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Alex Kumbar, franchise owner of OsteoStrong in Durham and Raleigh, provides a therapeutic service to help build bone strength using specialized equipment and testing. In this article he explains the various methods of determining and improving bone density.

The Profound Benefits
of Strong, Healthy Bone

By Alex Kumbar

Osteoporosis is a silent killer. It is virtually symptom-free, other than ultimately developing a characteristic hump-backed look. As, after the age of 30, we consistently lose bone density, we are more prone to breaking bones, eventually, in many cases, experiencing a major fracture, such as a broken hip. This, in turn, leads to a higher mortality rate. Frequently, we are unaware of this developing problem until an incident occurs and testing is finally done.

Alex Kumbar explains the measurements of bone strength recorded on one of the four pieces of osteogenic loading equipment. The screen shows measurements over time as well as an indicator of the pressure required to stimulate bone growth.

Porous Bone

The word osteoporosis literally means “porous bone.” If you were to look under a microscope, healthy bone looks like a honeycomb; but when you have osteo-porosis, the holes and spaces are much larger than they are in healthy bone.

Osteoporotic bones have lost density and mass, weakening them and making them more susceptible to breaking. According to the International Osteoporosis Foundation, one in three women and one in five men over the age of 50 experience osteoporotic fractures that could have been prevented if they had realized that they were losing bone mass. The sooner you are examined, the more quickly you can start rebuilding your bones.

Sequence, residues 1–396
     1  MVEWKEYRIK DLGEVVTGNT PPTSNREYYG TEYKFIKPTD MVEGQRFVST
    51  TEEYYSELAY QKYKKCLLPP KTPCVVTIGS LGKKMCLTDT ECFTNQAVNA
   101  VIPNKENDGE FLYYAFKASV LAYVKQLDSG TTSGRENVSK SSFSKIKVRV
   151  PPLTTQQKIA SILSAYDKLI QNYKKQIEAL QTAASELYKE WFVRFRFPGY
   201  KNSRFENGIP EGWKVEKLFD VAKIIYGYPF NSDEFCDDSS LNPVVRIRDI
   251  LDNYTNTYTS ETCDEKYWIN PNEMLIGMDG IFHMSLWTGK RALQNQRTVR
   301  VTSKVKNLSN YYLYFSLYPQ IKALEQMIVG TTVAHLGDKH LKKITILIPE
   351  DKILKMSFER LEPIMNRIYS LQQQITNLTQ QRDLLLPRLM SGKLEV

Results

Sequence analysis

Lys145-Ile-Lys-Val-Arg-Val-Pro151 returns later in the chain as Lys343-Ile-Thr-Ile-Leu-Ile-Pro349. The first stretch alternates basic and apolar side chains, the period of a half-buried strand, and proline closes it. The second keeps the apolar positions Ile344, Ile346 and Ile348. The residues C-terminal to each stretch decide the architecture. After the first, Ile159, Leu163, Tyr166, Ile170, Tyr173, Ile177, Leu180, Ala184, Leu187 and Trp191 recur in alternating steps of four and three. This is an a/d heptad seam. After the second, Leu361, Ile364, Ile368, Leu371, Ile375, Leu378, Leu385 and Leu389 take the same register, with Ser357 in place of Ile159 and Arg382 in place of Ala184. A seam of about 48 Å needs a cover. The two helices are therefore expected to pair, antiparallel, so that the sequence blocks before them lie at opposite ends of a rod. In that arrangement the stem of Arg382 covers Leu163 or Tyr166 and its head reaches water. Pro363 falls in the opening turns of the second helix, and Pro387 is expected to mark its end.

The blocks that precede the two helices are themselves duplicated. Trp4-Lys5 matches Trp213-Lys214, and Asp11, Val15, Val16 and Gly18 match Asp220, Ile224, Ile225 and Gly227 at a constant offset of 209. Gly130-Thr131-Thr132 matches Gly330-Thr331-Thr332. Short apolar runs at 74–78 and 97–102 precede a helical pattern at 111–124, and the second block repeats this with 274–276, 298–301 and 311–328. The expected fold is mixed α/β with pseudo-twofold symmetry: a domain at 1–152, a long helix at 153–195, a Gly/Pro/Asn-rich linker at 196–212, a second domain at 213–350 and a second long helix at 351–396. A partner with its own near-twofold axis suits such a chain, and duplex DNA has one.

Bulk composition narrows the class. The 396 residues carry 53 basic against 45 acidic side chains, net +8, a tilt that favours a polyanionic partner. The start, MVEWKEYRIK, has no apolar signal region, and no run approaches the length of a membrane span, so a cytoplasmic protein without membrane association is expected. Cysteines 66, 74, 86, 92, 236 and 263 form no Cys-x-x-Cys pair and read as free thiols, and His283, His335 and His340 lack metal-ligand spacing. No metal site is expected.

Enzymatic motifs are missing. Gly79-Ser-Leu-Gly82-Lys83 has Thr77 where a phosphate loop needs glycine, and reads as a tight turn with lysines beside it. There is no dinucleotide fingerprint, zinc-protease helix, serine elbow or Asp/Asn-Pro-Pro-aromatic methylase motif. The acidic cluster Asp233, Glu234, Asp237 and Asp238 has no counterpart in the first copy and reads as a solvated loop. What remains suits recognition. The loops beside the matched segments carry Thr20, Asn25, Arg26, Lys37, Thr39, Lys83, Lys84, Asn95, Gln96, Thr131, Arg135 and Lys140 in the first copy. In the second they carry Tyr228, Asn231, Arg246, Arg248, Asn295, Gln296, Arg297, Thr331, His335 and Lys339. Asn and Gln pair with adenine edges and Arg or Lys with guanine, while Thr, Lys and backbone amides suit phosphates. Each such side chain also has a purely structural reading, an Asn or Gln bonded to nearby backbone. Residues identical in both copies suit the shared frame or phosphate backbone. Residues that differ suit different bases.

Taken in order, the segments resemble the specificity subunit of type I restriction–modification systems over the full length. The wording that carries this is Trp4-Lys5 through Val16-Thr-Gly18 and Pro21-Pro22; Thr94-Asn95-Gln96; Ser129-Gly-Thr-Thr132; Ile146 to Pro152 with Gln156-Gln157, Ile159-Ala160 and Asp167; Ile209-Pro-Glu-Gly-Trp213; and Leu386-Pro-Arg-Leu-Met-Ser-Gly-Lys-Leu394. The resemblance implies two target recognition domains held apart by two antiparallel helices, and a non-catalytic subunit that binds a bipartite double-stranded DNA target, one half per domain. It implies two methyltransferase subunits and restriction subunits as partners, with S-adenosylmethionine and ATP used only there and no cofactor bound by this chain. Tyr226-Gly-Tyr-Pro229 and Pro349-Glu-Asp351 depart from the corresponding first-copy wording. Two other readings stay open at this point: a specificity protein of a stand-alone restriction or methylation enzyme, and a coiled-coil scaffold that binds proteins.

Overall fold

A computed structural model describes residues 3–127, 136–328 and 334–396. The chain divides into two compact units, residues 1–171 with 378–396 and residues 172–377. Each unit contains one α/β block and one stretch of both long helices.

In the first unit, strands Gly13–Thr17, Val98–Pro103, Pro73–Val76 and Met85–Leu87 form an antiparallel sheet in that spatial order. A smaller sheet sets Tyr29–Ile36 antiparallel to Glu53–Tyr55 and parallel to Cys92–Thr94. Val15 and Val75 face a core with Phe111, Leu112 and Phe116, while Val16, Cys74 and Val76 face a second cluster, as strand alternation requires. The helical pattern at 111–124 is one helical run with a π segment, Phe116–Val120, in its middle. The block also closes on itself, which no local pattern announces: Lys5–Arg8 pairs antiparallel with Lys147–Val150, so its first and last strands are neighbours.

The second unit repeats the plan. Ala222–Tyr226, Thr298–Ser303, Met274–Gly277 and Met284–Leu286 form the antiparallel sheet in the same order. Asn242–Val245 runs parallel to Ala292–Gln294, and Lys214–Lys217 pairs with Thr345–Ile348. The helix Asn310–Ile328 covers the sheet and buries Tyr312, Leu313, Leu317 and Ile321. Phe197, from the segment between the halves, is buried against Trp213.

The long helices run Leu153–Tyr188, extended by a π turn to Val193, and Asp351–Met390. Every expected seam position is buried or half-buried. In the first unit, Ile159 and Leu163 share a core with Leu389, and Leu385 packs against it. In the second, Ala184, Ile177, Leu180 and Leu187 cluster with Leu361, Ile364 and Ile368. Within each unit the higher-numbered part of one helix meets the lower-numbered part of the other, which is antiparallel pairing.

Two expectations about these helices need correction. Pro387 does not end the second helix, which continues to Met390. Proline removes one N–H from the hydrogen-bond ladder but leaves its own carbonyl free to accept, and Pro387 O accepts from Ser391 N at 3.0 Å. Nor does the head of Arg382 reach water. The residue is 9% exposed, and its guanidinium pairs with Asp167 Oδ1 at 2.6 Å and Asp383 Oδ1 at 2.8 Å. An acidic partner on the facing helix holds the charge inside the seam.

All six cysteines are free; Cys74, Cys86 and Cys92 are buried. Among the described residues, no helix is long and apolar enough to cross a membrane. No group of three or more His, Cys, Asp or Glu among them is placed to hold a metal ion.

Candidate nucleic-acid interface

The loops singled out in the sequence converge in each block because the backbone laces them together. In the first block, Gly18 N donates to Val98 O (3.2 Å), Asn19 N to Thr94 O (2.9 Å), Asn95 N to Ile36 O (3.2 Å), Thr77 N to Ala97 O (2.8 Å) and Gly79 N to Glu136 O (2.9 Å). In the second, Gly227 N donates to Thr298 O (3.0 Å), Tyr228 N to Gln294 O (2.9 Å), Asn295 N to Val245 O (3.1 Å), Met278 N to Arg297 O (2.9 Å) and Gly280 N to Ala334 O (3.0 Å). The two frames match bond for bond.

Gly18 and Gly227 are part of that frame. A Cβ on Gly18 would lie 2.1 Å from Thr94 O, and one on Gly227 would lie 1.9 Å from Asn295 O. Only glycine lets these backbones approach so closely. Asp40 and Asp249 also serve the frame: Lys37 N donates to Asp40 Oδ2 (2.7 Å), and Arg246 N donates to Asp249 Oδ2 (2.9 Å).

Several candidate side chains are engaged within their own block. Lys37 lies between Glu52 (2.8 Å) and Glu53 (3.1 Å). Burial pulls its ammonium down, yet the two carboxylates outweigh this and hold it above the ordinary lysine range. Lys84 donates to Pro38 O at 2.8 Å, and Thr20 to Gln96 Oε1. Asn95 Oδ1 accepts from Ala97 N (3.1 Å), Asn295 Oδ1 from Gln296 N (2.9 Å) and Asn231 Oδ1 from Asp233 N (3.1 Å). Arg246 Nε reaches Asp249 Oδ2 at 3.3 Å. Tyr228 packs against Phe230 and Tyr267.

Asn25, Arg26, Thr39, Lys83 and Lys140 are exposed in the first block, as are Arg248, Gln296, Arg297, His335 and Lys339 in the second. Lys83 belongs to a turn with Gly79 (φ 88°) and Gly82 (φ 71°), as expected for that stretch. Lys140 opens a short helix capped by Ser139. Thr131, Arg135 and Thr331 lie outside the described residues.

There are three ways to measure bone density in the human body. The first is with a DXA scan (Dual-energy X-ray Absorptiometry), which is recognized as the gold standard for testing bone density. A picture is taken of the inside body, usually the lumbar (lower) spine or hips to measure bone loss. It requires little preparation and the entire process—of scan and consultation—generally takes only 15-30 minutes. The testing is painless, and the amount of radiation involved in the testing is low.

During the test, you lie on an open X-ray table and remain still and calm as the scanner passes over your body. Once the test is evaluated, you get a T-score, which shows how many standard deviations your bone density is from that of a healthy 30-year old—the age when bones are their strongest. A negative score means you have lost bone density, and a score below -2.5 means osteoporosis.

A Second Test

A second method of testing bone health is a functional test—the OsteoStrong program itself. OsteoStrong works to build bone strength through a process called osteogenic loading—where focused activity stimulates bone growth. During an OsteoStrong session, clients engage in four positions—focused on upper body, lower body, posture, and core—that stimulate the body’s major muscles and bones. The goal is to push, pull, or lift as hard as you comfortably can; the entire sessions takes about 15 minutes.

The level of stimulus required to safely stimulate the growth of healthy bone tissue is made possible through this patented equipment exclusive to OsteoStrong. It uses a specialized, technician-monitored system designed to trigger an individual’s own natural adaptive responses to grow new, healthy bone tissue without soreness and without sweat. This process is also known as “impact emulation” because the devices give you the benefits of high impact forces without the risk of injury that comes from uncontrolled impacts.

Comprehensive Bone Density Scans for OsteoStrong Members